“The years catch up with you, but my agenda remains the same,” Philip Glass said, five years ago. This past evening at Carnegie Hall, to celebrate Glass’ eightieth birthday, Dennis Russell Davies led the Bruckner Orchestra Linz through two New York premieres of Glass works as well as the world premiere of his Symphony No. 11. By and large, the concert was as much of a present to what appeared to be a sold-out audience as it was to the composer.
It was a shock to discover that Glass’ 1997 Days and Nights in Rocinha – an equally kinetic and hypnotic tone poem of sorts – had never been performed here. It’s sort of the Ravel Bolero as the bastard child of Julia Wolfe and Angelo Badalamenti might have written it. The orchestra gave it a meticulously dynamic performance. Davies, a longtime Glass champion, looked nervous as its first unexpected, muted burst of low brass appeared, but by the end the music had reached his hips and he was swaying along triumphantly. Meanwhile, Glass sat in the front row of his balcony box, leaning on his elbow, chin in hand, inscrutable. The piece made a good choice of opener: the few moments of percussive sprinkling, wryly humorous stops-and-starts and hints of Egberto Gismonti tropical elegance foreshadowed a good proportion of the music to come.
Angelique Kidjo sang the New York premiere of a Yoruban creation triptych that she’d written with Glass. He’d done his homework, a rigorous analysis of the language’s phonetics and syllables so as to enable a smooth correspondence between lyrics and music. The first part was something akin to Jeff Lynne gone latin. The second, with its steady volleys of arpeggios over uneasy chromatics, was a striking and familiarly haunting look back to Glass’ iconic and perhaps career-defining Dracula soundtrack. The third was the closest to an orchestrated African folk song. Kidjo matched raw emotion to blues-inflected sophistication, notwithstanding some sonic issues early on – she was amplified, the orchestra wasn’t.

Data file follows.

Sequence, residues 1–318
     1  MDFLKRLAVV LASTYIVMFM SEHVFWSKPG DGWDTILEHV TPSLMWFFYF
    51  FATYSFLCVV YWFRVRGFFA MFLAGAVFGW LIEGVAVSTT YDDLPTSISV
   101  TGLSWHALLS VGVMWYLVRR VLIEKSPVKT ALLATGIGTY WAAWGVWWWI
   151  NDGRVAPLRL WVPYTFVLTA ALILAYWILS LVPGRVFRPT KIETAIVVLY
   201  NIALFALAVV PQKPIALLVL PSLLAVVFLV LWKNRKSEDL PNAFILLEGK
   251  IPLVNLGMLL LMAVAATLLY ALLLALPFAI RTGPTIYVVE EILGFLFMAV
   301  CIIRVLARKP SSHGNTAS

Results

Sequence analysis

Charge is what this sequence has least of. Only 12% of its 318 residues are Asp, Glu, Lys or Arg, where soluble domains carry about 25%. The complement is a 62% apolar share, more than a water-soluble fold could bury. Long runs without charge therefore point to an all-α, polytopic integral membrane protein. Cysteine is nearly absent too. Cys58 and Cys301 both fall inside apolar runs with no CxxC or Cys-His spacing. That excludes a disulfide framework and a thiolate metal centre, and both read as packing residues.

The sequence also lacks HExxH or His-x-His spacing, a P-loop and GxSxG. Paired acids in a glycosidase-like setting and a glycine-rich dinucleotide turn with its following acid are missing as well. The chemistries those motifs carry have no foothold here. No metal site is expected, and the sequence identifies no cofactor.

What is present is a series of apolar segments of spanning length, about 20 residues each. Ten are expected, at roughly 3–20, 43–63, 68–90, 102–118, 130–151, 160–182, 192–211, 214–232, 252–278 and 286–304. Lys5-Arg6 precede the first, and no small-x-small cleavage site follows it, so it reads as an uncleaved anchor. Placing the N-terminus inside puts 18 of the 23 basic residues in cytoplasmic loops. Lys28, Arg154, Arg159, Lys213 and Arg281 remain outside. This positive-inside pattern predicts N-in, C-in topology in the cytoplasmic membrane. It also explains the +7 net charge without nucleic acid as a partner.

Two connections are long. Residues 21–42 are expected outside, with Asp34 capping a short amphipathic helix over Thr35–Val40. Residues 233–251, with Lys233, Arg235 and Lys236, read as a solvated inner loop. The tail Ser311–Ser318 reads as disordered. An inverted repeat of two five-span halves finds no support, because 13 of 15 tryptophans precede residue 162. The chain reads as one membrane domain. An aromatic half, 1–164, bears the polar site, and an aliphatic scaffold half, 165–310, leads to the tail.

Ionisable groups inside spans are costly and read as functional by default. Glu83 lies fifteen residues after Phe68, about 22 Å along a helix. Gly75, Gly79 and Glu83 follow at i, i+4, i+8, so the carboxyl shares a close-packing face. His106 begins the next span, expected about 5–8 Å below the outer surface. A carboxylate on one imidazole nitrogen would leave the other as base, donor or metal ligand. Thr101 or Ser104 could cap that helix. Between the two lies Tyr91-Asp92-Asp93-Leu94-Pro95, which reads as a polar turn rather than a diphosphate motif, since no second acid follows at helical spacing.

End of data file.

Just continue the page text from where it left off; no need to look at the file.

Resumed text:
The show concluded with the new symphony, which could be viewed as a career retrospsective. It had every one of Glass’ signature tropes: dry humor matched by a similar flair for the unexpected; artfully subtle rhythmic reshaping; those broken major triads that the composer loves as much as wary chromatic vamps and moodily shifting accidentals; and unabashedly resonant beauty. Much of it was like one of his string quartets fleshed out with dense washes of extra strings.
Until the third movement, there weren’t many individual voices flickering through the enigmatic cycles of notes, but when they appeared, those motives – a droll oboe, a ghost of a tuba, a woodsy clarinet – were perfectly precise. The ensemble negotiated the second movement’s sudden but very cleverly disguised change of beats with similar aplomb. The third began with a rather vaudevillian percussion intro and for awhile was a real scherzo, until the orchestra turned a corner abruptly and…that’s where Glass’ joke became too good to give away. Glass’ music is so easy to get lost in that there are some things that are hard to see coming despite what can be innumerable deadpan hints of it.
What you should really do is not spoil the ending for yourself: just go see it the next time it’s performed here. Which it will be, probably sooner than later. Lucky concertgoers in Chapel Hill, North Carolina can see the orchestra play the first and last pieces plus Glass’ Violin Concerto No. 1 with soloist Robert McDuffie tomorrow, Feb 1 at 7:30 PM at UNC Memorial Hall at 114 E. Cameron Ave; $30 tix are available.